her doctor in October and had been out of medication since December. (Id.) The examining physician's diagnoses included COPD and depression, and medications were prescribed. (Tr. at 303.) Judy C. Magnuson, Ph.D., prepared a psychological report after evaluating the plaintiff on March 14, 2006. (Tr. at 305.) Dr. Magnuson noted that the plaintiff had never received individual or marital counseling in the past and had never taken psychotropic medication until recently, when she received a prescription for Cymbalta. (Tr. at 307; see also id. at 303 (indicating prescription of Cymbalta).) Testing indicated that the plaintiff "was functioning consistently in the average range in all areas." (Tr. at 309.) Dr. Magnuson's evaluation states, Charlotte had no restrictions in activities of daily living or social functioning. She did not suffer from episodes of deterioration when stressed. She displayed the ability to sustain concentration and attention needed for task completion. She displayed the ability to understand, remember and carry out short and simple instructions under ordinary supervision. She displayed the ability to relate well to coworkers and supervisors and to adapt to changes in her environment. .... Charlotte's prognosis for being able to continue functioning well at her current level is very good. (Tr. at 309-310.) On March 30, 2006, the plaintiff visited the People's Health Center with complaints of pain in her neck, shoulders, and back. (Tr. at 327.) The plaintiff declined neck x-rays or an MRI "due to cost." (Tr. at 328.) She was diagnosed with "hypothyroid," "neck pain/spasms," and COPD, and she was prescribed flexeril for muscle spasms. (Id.) The plaintiff visited the People's Health Center on June 30, 2006, complaining that her hip goes numb after she sits "for a while," that her "knee gets sharp pains," and that her right hand "locks up." (Tr. at 325.) She indicated that flexeril helped with her complaints. (Id.) She also indicated that she began part-time work on May 31. (Id.) The plaintiff was prescribed medication and directed to begin physical therapy. (Tr. at 326.) A lumbar MRI was also ordered. (Id.) The MRI, which was performed on July 7, 2006, revealed a mild disc bulges at L4-L5 and L5-S1, an annular tear at L4-L5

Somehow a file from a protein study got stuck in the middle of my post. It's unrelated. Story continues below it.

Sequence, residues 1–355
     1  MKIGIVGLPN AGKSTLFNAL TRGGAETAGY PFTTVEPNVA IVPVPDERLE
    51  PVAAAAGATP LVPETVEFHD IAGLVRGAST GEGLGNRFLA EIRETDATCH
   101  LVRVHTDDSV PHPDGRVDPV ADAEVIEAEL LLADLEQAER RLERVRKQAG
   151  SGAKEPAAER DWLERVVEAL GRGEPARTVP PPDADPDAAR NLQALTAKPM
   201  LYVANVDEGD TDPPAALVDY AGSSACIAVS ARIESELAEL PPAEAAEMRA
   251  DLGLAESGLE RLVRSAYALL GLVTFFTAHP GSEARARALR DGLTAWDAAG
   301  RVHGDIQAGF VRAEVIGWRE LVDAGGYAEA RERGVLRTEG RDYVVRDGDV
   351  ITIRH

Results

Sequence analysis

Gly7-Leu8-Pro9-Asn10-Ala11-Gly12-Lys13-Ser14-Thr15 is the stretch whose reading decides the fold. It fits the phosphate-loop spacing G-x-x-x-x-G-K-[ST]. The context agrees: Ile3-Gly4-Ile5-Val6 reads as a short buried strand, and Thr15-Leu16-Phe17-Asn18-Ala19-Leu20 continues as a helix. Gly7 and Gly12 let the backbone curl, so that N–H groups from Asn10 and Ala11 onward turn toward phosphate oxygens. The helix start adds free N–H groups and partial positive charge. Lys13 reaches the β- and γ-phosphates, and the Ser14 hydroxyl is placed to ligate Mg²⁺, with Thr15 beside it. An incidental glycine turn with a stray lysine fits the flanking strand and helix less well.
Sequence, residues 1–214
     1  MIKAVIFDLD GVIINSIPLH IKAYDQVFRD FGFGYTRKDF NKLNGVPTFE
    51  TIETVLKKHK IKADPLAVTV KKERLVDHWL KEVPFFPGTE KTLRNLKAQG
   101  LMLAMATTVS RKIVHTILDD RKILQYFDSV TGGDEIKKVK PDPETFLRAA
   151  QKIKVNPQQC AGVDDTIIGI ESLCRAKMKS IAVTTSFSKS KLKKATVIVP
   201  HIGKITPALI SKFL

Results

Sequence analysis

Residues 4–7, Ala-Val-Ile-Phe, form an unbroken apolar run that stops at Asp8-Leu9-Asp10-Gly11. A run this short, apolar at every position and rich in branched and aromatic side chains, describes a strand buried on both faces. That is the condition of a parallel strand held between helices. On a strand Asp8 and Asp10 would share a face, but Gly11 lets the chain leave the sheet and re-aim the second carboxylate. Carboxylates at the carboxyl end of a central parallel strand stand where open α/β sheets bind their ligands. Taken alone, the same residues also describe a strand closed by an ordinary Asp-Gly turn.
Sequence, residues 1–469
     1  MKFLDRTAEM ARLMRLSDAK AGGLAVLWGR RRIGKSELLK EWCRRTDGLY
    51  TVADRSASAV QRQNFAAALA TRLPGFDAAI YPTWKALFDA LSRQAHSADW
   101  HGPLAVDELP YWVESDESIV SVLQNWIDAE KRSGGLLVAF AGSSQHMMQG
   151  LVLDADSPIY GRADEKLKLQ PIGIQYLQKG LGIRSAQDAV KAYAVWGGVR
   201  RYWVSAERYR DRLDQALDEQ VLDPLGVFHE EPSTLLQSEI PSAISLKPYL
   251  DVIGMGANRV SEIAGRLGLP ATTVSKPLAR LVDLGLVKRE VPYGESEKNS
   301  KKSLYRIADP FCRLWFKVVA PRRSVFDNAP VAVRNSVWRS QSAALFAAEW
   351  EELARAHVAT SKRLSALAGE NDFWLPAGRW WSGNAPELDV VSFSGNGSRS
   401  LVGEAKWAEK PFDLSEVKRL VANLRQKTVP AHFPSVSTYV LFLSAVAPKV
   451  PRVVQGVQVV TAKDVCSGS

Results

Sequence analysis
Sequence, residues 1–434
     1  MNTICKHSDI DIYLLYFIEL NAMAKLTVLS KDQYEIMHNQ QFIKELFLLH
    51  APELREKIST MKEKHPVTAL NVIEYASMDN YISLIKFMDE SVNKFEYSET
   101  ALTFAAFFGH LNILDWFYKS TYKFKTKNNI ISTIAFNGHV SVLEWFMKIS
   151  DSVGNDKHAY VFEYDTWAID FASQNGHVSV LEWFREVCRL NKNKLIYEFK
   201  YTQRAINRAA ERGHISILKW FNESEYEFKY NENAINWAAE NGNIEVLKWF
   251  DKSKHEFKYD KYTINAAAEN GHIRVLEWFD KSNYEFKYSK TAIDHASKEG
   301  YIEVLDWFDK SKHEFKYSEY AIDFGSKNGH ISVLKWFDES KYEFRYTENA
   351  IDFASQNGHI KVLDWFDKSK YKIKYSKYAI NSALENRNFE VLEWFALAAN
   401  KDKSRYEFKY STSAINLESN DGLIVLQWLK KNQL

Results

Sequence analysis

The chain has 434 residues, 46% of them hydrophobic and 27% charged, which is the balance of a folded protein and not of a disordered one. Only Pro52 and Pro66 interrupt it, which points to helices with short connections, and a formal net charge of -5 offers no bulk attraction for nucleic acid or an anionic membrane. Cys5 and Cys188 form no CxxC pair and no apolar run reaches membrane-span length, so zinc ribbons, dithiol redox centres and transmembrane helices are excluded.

and a "very subtle" annular tear at L3-L4, a "very mild mass effect on the anterior thecal sac at L4-L5 and L5-S1," and "no evidence of neural foraminal stenosis or central canal stenosis." (Tr. at 346.) The plaintiff returned to the People's Health Center on September 5, 2006, with complaints of "ear popping" and "lung pain." (Tr. at 323.) She was diagnosed with an upper respiratory infection and instructed to take her medication as directed, decrease smoking, and increase her exercise. (Tr. at 324.) On July 18, 2007, the plaintiff appeared at the BryanLGH Medical Center West emergency room and reported that she had been urinating blood. (Tr. at 340.) She also complained of low back pain radiating down her right leg. (Id.) Her physician noted that she had a "very mild," "very subtle" limp when walking, and that moving her hip seemed to exacerbate her pain. (Id.) She was diagnosed with acute hemorrhagic cystitis and discharged home in stable condition with a prescription for Cipro. (Tr. at 340, 343-45.) The plaintiff returned to the emergency room on September 11, 2007, with complaints of left shoulder pain. (Tr. at 349.) She reported that she had been experiencing chronic pain in her left shoulder for the past two years, and that her shoulder was sore and almost unmovable after she spent time playing with her grandson. (Id.) Examination revealed pain, tenderness, and reduced range of motion in the shoulder, (id.), but x-rays revealed no abnormalities, (Tr. at 355). She was diagnosed with a left shoulder strain, treated with pain medication, and instructed to wear a sling, ice her shoulder, and perform range of motion exercises. (Tr. at 349.) On January 29, 2008, the plaintiff returned to the emergency room with complaints of back pain. (Tr. at 336.) She reported that her son pushed her, causing her to fall into a chair and land on her side. (Id.) Examination revealed some muscle tenderness, but no bruising, swelling, or contusions. (Id.) The plaintiff told her physician that "she does not want x-rays because she knows that they will not show anything." (Tr. at 337.) She was treated with a shot of Valium and sent home with "muscle relaxants." (Id.) On February 7, 2008, the plaintiff visited the People's Health Center with complaints of back pain and "chest wall pain." (Tr. at 320-21.) Examination revealed tenderness and bruising on her chest wall. (Tr. at 321.) The plaintiff's diagnoses included cough, chest wall pain, and COPD, and